Students contribute to unusually high caucus participation numbers

Officials from both parties said Minnesota would be a key battleground for the presidency.

Josh Verges

After huge caucus turnouts in Minnesota on Super Tuesday, the stage is set for a hard-fought, eight-month battle until the November presidential election.

Democrats and Republicans agree Minnesota is up for grabs and say both party’s candidates will give it a lot of attention.

President George W. Bush’s national campaign chairman’s visit last Tuesday shows Bush is committed to winning the state, Minnesota College Republicans Chairman Jake Grassel said.

Democratic-Farmer-Labor Party Chairman Mike Erlandson pointed to the seven visits Bush has made to Minnesota since taking office.

“We’re going to have a fierce battle,” Erlandson said.

He said the party’s statewide caucuses had five times as many participants as they did in 2000. He credited the opposition for spurring interest among Democrats.

“George Bush’s failed policies have woken a lot of people up to participation at a higher level,” he said.

Bill Amberg, Democratic-Farmer-Labor Party communications and research director, said vote counts for University-area precincts were unavailable because of the extraordinary turnout.

“I’ve never seen a precinct get over 100 people,” Amberg said. “This is


One Minneapolis precinct reported 295 votes, he said.

Students made up a sizeable portion of caucus-goers, in part because two candidates welcomed them, Erlandson said.

“There’s no question that (former Vermont) Gov. (Howard) Dean and Congressman (Dennis) Kucinich (D-Ohio) motivated a lot of people across the state and country,” he said.

Kucinich, the only candidate to visit the University, received approximately 17 percent of DFL caucus votes. Dean took 2 percent of DFL votes in the state and brought in new voters, many of whom switched allegiances when he dropped out of the race.

But young voters also gave the Republican caucuses a boost, Grassel said. Party leaders are now letting students make decisions that shape the party, he said.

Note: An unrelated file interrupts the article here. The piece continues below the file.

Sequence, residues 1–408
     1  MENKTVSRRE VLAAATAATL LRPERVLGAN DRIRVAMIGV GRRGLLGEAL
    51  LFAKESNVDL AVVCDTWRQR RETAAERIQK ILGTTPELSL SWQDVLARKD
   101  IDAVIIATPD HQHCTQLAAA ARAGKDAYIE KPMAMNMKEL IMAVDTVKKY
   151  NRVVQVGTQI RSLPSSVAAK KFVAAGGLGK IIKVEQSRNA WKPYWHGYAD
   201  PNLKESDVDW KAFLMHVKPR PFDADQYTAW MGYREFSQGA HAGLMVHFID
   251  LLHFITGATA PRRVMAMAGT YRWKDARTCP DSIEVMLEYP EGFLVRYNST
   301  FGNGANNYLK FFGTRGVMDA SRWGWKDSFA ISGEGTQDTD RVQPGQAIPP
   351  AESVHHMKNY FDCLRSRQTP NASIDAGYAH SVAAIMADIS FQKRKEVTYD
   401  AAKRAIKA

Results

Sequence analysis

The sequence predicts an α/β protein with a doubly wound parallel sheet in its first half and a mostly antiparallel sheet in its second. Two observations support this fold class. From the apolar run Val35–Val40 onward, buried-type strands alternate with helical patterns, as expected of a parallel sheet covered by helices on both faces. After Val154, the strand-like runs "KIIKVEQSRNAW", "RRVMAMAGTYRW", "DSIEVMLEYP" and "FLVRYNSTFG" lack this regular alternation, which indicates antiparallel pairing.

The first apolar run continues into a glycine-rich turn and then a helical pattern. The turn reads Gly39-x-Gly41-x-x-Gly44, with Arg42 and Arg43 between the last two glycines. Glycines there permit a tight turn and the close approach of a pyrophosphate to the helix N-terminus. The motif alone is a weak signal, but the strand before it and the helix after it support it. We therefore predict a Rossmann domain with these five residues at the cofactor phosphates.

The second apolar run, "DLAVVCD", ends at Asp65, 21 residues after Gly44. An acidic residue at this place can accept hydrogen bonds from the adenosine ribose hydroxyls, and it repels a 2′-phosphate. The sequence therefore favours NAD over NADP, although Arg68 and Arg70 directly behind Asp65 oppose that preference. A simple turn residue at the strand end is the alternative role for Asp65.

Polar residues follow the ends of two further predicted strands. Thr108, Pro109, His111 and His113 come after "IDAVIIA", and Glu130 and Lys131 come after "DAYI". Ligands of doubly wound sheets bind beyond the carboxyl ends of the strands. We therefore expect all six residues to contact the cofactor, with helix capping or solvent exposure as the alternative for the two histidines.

“Not only does their vote matter, their volunteer activities really matter,” Grassel said.

The College Republicans have more members across the state than ever, he said. The group’s 5,000 students more than double the membership four years ago.

Caucus participation far exceeded both parties’ expectations, officials said.

With 90 percent of state DFL precincts reporting, 51,518 presidential preference votes were counted.

Officials from the campaigns of Dean and Sen. John Edwards, D-N.C., predicted Tuesday

morning that between 12,000 and 20,000 people would vote in the caucuses that day.

Even with Bush established as the party’s candidate, the Minnesota GOP estimated as many as 27,000 Republicans attended Tuesday caucuses.

From the caucuses, Grassel said the party added volunteers to work on Bush’s campaign.

The president’s re-election campaign will run its first television ads in Minnesota and 17 other swing states today.

The Bush campaign has already raised $153 million, according to The Associated Press, and expects to raise another $17 million.

Bush raised $193 million total during the 1999-2000 election cycle, according to the Center for Responsive Politics. Al Gore raised less than $133 million.

Sen. John Kerry, D-Mass., had raised $33 million for his campaign by Jan. 31, according to the center.

To win the state for the eighth consecutive presidential election, Erlandson said Democrats will have to gather votes with the help of grassroots volunteers.

“The Republicans will outspend us,” he said, “So we’ll have to beat them the old-fashioned way.”